Lime Kiln Trail, Henry Cowell Redwoods – Fall Creek Unit
We are finally, finally becoming adventurers. It’s been a long arch for us, waiting and waiting for babies to grow and fussy car riders to calm down and legs to lengthen and strengthen. There are lots and lots of half mile “hikes” in our family history. There were many dreams and much inspiration that kept drawing us back towards the idea of being a family that hikes and camps and is outside. In nature.
Forest of Nisene Marks – Porter Family Picnic Area
This summer we have completed, for the most part, the process (and expediture) of outfitting ourselves for hiking and camping. All the strenuous decisions are made, no more nitpicking over the specifications of tents and sleeping bags. Sadly, not so many trips to REI. I love that place.
I’ve got my awesome camping list streamlined and at the ready, my supplies organized. Getting ready for the trip we took last week to Monterey was a breeze.
Except for the clothes. It’s colder up there (which means digging into all the kids upcoming winter clothes), and we were camping (dirty), staying with friends (clean), and going to a wedding (fancy). The clothes kinda stressed me out.
We camped for two days at Henry Cowell Redwoods State Park. Highly recommend. We had camped at Big Basin Redwoods State Park earlier in the summer, literally pitching our tent under the redwoods. (Also highly recommend. It’s the redwoods, what more can I say?) At Henry Cowell you camp under oaks, but a short hike takes you through redwoods.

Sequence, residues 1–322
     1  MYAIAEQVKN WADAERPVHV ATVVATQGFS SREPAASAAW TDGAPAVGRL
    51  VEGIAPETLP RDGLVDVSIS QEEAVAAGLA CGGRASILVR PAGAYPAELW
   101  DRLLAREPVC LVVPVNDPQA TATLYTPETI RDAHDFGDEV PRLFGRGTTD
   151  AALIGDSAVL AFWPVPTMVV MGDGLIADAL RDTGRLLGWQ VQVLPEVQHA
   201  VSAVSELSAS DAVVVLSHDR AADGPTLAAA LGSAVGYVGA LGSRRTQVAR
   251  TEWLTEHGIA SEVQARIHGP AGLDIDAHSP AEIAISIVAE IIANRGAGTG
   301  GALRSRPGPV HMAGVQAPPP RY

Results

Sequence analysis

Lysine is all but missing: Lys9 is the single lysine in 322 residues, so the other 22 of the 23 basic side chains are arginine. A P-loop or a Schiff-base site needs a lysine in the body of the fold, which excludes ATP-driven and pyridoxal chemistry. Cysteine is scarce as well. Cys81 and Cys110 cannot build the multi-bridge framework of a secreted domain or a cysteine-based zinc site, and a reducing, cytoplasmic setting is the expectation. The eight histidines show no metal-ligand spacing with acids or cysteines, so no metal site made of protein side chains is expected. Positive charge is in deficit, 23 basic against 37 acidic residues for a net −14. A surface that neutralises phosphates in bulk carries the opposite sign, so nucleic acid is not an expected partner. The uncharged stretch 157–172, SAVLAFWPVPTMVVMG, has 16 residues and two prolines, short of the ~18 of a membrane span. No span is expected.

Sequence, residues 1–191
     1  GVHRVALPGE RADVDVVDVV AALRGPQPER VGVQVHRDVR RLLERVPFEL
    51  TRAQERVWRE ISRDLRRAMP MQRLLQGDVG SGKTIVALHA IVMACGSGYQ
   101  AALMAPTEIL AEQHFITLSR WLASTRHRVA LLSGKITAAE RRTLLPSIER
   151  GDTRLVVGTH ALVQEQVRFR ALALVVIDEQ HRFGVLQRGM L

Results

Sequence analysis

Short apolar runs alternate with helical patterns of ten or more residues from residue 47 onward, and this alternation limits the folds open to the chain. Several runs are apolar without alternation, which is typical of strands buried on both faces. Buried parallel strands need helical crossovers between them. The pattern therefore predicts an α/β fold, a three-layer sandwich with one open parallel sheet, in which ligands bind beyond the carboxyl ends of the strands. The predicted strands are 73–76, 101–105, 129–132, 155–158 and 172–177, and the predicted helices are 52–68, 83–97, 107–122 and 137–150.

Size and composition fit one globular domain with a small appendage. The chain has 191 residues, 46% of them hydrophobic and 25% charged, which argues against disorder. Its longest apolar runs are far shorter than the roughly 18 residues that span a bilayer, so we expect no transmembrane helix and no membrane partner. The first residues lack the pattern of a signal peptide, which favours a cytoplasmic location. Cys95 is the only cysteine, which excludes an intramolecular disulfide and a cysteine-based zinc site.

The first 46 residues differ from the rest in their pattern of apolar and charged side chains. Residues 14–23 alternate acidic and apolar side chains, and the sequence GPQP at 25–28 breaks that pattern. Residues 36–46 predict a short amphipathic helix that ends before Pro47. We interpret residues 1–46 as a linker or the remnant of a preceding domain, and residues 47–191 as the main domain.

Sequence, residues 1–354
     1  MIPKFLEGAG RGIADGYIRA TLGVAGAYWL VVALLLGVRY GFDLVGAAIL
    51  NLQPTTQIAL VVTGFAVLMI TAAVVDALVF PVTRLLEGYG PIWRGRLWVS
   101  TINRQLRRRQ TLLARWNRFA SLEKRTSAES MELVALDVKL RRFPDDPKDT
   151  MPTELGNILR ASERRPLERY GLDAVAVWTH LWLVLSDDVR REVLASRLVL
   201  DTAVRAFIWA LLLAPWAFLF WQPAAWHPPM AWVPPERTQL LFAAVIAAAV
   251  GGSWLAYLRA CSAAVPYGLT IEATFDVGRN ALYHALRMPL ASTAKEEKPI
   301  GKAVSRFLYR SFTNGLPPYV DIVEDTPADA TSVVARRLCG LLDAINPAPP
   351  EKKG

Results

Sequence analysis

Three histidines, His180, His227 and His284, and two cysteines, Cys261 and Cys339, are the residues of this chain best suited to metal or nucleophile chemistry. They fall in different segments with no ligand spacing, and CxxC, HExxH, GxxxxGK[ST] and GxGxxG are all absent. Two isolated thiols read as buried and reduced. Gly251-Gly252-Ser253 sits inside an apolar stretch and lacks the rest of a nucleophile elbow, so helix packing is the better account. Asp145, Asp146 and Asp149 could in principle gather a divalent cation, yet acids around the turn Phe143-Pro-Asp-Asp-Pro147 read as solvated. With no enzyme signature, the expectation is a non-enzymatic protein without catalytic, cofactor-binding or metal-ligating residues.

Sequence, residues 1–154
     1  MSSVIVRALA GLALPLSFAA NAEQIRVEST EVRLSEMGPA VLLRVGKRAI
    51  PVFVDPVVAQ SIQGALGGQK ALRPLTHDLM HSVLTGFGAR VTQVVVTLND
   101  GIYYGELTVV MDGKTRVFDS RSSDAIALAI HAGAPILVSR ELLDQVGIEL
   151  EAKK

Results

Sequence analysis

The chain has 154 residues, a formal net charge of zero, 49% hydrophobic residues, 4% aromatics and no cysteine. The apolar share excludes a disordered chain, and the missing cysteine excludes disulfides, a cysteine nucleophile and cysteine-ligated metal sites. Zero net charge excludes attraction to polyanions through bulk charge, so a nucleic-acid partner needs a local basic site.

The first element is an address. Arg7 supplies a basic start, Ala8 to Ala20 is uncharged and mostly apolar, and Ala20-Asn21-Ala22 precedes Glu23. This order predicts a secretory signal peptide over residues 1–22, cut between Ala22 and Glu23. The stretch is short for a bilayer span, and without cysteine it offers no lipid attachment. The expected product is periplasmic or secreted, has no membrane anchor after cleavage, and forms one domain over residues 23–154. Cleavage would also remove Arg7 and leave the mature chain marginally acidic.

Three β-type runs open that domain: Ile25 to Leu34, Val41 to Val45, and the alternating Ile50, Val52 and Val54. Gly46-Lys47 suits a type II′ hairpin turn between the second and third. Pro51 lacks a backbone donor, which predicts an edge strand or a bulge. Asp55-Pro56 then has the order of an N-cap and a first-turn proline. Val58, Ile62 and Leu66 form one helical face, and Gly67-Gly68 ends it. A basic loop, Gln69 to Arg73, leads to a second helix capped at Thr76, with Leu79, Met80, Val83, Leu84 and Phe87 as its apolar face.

We made an important decision this summer – that we will bypass visitor’s centers and touristy walks and tours and go straight to the real thing. It’s more important to make a real connection with the place itself than to get a general overview. We will choose a state park over a museum. We will choose a hike or an hour by a creek over a visitors center.
This decision was made primarily with the kids in mind and the kind of experience we are hoping they have, but I can’t tell you how much it has changed my own experience and connection to the places we’ve visited.
That being said, we did visit the Henry Cowell visitor’s center (after a long hike, haha), and it was one of the best we’ve been to. It looks humble, but there were so many hands on activities. Things that we had seen on our hikes that day were there to be identified and explained and touched.
This trip we turned a corner in our hiking experience. On the advice of a ranger, we took two hikes and the redwood walk. When I tallied it up at the end of our trip, we had hiked almost 7 miles in two days.
Let us now pause for some exclamation points. !!!!!
And it was done with pleasure and joy . On the last hike, the kids ran most of the way in and most of the way back.
<Cue swelling music.>
I’m not so keen on increasing “mileage” for the sake of saying “ooh, we hiked seven miles” or for endurance sake. Above all else, we believe these adventures should be pleasant. But there are so many cool things to see if you can hike a bit farther, so I’m stoked.
The weekend was spent with my good college friends, Aimee and Kristian, and their two little girls. I realized that this was the first time we had ever descended on someone as a family of six (the last time we stayed with anyone other than our parents was when we were a family of three). The welcome we received and the time we spent together with our little families was so, so, heartening. (Good word, Aimee, it describes it perfectly.)
I guess I’m getting old enough now to have “old friends”, friends with whom I’ve shared a significant amount of history. It’s just lovely.
I’m already scoping out our calendar and seeing if we could maybe go camping once a month this year. It looks possible.
I’m especially eager to try “dispersed camping” – camping by the side of the road, as is allowed in National Forests.